You have helped me in the past, and I hope you can help me now. Earlier this year my great-aunt died and I will receive an inheritance. The inheritance is divided into two parts:
I am confused by the tax implications of my inheritance. My first question is about the IRA. I know the rules changed a couple of years ago; therefore, I would like to know what my options are. I was thinking of taking the money, which is about $ 85,000, and using it to pay off the mortgage. Do you think this is a good strategy?
As for the Ford stock, I plan to sell it as soon as I get the stock. Should I pay sales tax?
Thank you, Ted
You are right that tax laws have recently changed when you inherit an IRA. In 2019, the Safe Law was passed, which had an impact on tax rules on inherited IRAs. Under this new legislation, you must generally settle your IRA within 10 years. This eliminated the rules that required minimum distribution year after year. As long as the IRA is settled within 10 years, distributions of any amount may be made at any time.
When distributions are made from a traditional IRA, the individual who receives the distributions is the ordinary tax on that money. Therefore, if you closed the IRA and distributed a lump sum, you would pay $ 85,000. This could lead to a higher tax bracket and disqualify you from certain deductions and credits for having higher incomes. Therefore, in most situations, I would not recommend a sudden distribution within a year.
I recommend making distributions based on your individual tax situation. In other words, you get out enough every year to stay in the same tax bracket.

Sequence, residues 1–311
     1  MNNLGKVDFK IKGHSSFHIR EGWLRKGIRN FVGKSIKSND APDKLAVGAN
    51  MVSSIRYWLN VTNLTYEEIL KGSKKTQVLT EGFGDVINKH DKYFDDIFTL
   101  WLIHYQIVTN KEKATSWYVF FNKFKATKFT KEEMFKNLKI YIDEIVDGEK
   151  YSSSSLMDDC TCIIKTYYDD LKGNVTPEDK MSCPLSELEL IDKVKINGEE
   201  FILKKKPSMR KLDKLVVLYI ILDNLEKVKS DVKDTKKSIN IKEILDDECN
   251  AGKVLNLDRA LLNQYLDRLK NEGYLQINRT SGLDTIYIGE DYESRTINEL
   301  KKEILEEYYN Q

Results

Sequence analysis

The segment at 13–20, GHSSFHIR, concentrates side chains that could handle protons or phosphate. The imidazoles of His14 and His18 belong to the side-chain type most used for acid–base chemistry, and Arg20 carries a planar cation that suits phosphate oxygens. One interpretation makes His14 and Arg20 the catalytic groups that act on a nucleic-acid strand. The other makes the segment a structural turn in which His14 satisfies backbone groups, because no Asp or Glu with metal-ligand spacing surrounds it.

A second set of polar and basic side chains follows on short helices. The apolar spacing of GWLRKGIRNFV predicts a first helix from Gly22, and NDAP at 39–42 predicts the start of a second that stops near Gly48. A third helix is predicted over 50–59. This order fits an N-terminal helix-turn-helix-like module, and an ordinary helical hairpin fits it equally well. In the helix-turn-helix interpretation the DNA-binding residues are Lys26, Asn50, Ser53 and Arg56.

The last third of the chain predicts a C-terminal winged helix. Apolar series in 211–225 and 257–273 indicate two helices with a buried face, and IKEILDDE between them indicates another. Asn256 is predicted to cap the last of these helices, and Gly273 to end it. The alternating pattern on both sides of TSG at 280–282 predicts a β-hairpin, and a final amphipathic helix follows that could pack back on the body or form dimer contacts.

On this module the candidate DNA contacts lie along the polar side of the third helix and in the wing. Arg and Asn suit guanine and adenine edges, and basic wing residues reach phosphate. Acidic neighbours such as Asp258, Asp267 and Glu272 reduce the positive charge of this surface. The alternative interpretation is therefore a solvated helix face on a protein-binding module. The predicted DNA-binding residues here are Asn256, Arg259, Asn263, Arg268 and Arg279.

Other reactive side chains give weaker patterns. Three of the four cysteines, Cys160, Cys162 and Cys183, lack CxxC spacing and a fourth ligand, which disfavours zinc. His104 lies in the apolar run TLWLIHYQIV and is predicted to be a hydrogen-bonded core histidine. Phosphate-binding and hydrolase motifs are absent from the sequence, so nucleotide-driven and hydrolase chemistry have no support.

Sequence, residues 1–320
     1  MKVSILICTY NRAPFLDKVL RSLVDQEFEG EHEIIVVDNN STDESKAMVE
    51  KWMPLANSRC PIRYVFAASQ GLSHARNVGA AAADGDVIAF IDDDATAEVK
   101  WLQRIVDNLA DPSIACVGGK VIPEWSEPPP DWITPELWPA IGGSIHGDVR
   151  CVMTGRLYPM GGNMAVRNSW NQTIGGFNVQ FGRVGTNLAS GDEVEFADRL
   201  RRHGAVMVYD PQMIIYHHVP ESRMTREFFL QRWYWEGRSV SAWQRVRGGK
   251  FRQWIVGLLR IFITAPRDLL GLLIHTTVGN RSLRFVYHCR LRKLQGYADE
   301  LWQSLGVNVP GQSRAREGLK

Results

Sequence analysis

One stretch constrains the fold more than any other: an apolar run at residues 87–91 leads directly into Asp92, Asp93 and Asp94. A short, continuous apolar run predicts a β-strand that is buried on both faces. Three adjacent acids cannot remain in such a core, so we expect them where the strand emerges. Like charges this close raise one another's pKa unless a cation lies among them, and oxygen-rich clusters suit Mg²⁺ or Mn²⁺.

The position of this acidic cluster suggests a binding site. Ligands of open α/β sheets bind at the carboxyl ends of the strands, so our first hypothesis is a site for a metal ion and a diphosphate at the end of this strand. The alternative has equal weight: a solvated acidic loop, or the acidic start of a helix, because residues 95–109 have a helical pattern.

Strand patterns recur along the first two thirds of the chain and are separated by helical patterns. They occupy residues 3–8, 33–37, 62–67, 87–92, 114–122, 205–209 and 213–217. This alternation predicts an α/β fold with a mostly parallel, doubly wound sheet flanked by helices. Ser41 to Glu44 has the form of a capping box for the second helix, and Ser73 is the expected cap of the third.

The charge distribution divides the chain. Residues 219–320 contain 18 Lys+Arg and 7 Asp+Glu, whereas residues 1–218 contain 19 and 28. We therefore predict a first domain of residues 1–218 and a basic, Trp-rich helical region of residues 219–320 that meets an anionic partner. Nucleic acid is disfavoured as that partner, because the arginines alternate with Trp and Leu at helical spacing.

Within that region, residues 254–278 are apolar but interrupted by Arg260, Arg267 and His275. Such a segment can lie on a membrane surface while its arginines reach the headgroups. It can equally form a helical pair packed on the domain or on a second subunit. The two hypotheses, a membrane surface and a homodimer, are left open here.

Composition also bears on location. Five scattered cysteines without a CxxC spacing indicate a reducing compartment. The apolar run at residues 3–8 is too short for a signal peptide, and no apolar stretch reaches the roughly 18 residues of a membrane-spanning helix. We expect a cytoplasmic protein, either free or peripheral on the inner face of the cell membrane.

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Like all tax laws, there are exceptions. The main exceptions apply to the following beneficiaries: the spouse of the IRA owner, an individual who is not less than 10 years younger than the IRA owner, the minor son of the IRA owner, who is disabled and has a chronic illness. These beneficiaries can comply with the 10-year rule or take advantage of the life-sharing rules that were in effect before the Safe Law. Unfortunately, in the case at hand, the exceptions to the law do not apply.
As for the sale of Ford shares, you will pay some taxes. The basis of the cost of the shares is the market value of that share from the date of death. Therefore, if you sell the share for $ 14 per share and the value on the day of death is $ 13 per share, then you would pay $ 1 tax on the share. The sale of shares is subject to capital gains tax and capital gains or capital gains losses are always considered long-term. Therefore, you would be taxed at the rate of long-term capital gains.
It is important to remember that when you receive non-IRA shares as inheritance, they are not taxed on the inherited value. The only tax consequences are when you sell the shares.
If you inherit an IRA, it’s important to develop a distribution strategy. This will lead to lower taxes and, as far as I’m concerned, the money you save is better in your pocket than anywhere else.
Rick Bloom is a quota financial advisor. His website is www.bloomadvisors.com. If Bloom would like to have your questions answered, please email firstname.lastname@example.org.